Difference between revisions of "Micta"

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{{Japanese subminiature}}
 
{{Japanese subminiature}}
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The '''Micta''' (ミクタ) is a Japanese [[subminiature]] camera, only known from an entry in {{Kokusan}}.<REF> {{Kokusan}}, p.367, claims that an article titled "The Micta one-motion subminiature camera" (ワンモーション超小型カメラMICTA) appears in {{SK}} January 1953, but there is no such article in this issue of the magazine. </REF> It takes 50 exposures on 16mm film, and has lever advance.<REF name="Kokusan 367"> {{Kokusan}}, p.367. </REF> The shutter consists of a rotating drum, and gives T, B, 1–400 speeds.<REF name="Kokusan 367" /> The 20/3.5 lens has a built-in filter, which is perhaps retractible.<REF name="Kokusan 367" />
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The Micta was made at prototype level only by Takahama Sachi (高浜祥), perhaps in 1952–3.<REF> {{Kokusan}}, p.367. There are doubts about the date, because of the apparent mistake in this source. </REF> Takahama Sachi is most probably the name of an individual, and the project was perhaps not backed by a company when it was announced to the press.
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== Notes ==
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<references />
  
 
== Bibliography ==
 
== Bibliography ==

Revision as of 17:52, 23 September 2008

Japanese subminiature
8mm film Camera "A" | Camera-Lite | Echo 8 | Kaitenkei
9.5mm film Doryu 1 | Fujica 8×11mm SLR | Yashica Atoron
16mm film Albert | Beauty 16 | Bell 16 | Bell Kamra | Binoca | Camera "B" | CM-16 | Cyclops | Dan 16 | Darling-16 | Doryu 2-16 | Fujica 16mm SLR | Gemmy | Glico Pistol | Konan-16 Automat | Mamiya 16 Automatic | Mica Automat | Micta | Minolta-16 | Minolta-16 EE | Minolta-16 EE II | Minolta-16 MG | Minolta-16 MG-S | Minolta-16 P | Minolta-16 Ps | Minolta 16 QT | Mycro Super 16 | Mykro Fine Color 16 | Nice | Nikon 16 | Poppy | Ramera | Ricoh 16 | Ricoreo 16 | Rubina | Rubix | Seiki 16 | Seiki 16 (pistol) | Shaty 16 | Sonocon 16 | Spy 16 | Steky | Golden Steky | Teleca | Viscawide-16 | Yashica Y16 | Yashica 16 EE | Zany | Zuman Super 16 | Zunow Z16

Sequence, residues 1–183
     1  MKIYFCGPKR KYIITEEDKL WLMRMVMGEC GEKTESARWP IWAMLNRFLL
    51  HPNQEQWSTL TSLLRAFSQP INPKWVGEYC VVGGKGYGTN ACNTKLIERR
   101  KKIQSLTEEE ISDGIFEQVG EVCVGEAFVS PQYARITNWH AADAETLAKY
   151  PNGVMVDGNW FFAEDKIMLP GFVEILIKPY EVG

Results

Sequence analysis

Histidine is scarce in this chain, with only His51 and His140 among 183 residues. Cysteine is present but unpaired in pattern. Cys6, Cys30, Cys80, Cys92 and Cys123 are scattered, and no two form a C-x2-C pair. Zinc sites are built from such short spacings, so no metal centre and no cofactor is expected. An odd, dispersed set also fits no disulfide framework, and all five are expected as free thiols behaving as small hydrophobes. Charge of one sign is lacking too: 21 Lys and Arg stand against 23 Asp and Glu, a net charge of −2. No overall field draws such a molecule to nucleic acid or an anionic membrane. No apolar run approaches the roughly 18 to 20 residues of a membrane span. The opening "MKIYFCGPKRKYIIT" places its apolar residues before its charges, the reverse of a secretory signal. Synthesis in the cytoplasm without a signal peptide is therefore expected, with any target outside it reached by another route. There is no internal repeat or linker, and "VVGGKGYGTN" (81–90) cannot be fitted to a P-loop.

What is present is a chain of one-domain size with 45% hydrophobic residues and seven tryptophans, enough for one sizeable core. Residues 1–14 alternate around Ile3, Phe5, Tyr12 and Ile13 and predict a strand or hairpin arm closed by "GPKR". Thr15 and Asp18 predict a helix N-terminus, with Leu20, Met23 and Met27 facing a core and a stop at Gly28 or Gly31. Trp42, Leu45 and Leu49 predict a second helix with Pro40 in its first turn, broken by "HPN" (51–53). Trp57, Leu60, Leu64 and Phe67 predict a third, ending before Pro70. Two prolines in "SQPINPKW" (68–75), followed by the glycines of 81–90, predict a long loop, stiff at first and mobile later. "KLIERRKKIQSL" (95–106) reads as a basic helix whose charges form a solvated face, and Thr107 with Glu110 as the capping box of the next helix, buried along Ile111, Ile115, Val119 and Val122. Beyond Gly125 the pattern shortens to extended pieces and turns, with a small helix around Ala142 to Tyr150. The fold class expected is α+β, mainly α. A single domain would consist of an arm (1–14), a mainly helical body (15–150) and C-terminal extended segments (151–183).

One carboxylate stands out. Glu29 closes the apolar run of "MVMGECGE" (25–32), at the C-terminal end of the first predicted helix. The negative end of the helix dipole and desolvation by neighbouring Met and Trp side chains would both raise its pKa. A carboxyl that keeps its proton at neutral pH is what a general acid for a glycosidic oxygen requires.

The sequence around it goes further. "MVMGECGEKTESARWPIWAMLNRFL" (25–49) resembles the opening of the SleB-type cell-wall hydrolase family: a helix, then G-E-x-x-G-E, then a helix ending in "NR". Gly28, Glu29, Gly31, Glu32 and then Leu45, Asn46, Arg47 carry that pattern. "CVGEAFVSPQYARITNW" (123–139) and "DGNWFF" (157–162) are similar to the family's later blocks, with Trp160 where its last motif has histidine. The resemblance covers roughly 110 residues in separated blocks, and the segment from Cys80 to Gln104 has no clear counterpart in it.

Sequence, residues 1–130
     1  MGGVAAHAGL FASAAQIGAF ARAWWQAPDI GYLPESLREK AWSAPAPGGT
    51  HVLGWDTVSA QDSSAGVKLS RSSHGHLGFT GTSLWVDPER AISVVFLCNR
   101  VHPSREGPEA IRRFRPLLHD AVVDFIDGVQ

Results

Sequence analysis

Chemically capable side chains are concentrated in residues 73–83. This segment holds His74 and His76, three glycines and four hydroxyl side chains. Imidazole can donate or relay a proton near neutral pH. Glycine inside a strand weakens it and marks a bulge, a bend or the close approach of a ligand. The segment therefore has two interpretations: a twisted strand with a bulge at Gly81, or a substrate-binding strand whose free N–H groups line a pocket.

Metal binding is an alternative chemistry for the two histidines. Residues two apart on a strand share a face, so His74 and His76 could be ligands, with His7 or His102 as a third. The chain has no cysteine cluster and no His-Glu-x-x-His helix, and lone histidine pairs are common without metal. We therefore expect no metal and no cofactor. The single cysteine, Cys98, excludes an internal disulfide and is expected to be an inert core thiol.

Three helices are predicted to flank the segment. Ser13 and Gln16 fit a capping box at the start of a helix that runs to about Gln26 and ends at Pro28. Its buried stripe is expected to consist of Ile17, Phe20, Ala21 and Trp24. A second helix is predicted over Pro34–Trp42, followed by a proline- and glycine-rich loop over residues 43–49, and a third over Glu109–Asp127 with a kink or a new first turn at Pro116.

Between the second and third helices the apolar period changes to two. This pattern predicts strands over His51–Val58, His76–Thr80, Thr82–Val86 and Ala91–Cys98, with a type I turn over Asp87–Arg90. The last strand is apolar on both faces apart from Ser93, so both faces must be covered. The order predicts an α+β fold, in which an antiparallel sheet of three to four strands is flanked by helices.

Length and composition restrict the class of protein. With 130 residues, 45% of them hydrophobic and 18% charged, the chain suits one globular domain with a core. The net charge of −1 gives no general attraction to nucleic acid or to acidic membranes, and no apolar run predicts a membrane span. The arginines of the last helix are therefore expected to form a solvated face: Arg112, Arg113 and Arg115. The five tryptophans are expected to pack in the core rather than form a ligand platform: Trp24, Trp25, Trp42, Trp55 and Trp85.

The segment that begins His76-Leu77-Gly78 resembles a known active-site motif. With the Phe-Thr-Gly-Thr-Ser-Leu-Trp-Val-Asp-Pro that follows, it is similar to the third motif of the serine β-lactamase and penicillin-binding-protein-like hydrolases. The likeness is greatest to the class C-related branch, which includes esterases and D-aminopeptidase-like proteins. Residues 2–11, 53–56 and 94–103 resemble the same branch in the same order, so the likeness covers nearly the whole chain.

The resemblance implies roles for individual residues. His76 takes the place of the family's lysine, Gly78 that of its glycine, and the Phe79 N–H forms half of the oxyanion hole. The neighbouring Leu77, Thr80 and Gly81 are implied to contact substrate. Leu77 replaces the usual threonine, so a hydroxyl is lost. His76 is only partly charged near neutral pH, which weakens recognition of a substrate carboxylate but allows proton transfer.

unknown Matchbox camera
17.5mm film Arrow | Baby Flex | Baby-Max | Barlux | Beauty 14 | Bell 14 | Blondy | Baby Colon | Comex | Corona | Croma Color 16 | Epochs | Fuji Kozet | Gamma | Gem 16 | Gemflex | Glico Lighter | Halmat | Hit | Hit-II | Hit-type | Hobby 16 | Homer No.1 | Homer 16 | Honey | Hope | Jenic | Kiku 16 | Kolt | Kute | Lovely | Mascot | Meteor | Micky | Midget | Mighty | Mini | Moment | Mycro | Myracle | Nikkobaby | Peace | Peace Baby Flex | Peace Small Lef | Pet | Petit | Petty | Prince 16-A | Prince Ruby | Robin | New Rocket | Rubina | Rubix | Saga 16 | Saica | Septon Pen | Sholy-Flex | Snappy | Spy-14 | Sun | Sun B | Sun 16 | Sweet 16 | Tacker | Takka | Tone | Top Camera | Toyoca 16 | Toyoca Ace | Tsubame | Vesta | Vista | Vestkam
20mm film Guzzi | Mycroflex | Top
round film Evarax | Petal | Sakura Petal | Star
unknown Hallow | Lyravit | Tsubasa
110 film see Japanese 110 film

The Micta (ミクタ) is a Japanese subminiature camera, only known from an entry in Kokusan kamera no rekishi.[1] It takes 50 exposures on 16mm film, and has lever advance.[2] The shutter consists of a rotating drum, and gives T, B, 1–400 speeds.[2] The 20/3.5 lens has a built-in filter, which is perhaps retractible.[2]

The Micta was made at prototype level only by Takahama Sachi (高浜祥), perhaps in 1952–3.[3] Takahama Sachi is most probably the name of an individual, and the project was perhaps not backed by a company when it was announced to the press.

Notes

  1. Kokusan kamera no rekishi, p.367, claims that an article titled "The Micta one-motion subminiature camera" (ワンモーション超小型カメラMICTA) appears in Shashin Kōgyō January 1953, but there is no such article in this issue of the magazine.
  2. 2.0 2.1 2.2 Kokusan kamera no rekishi, p.367.
  3. Kokusan kamera no rekishi, p.367. There are doubts about the date, because of the apparent mistake in this source.

Bibliography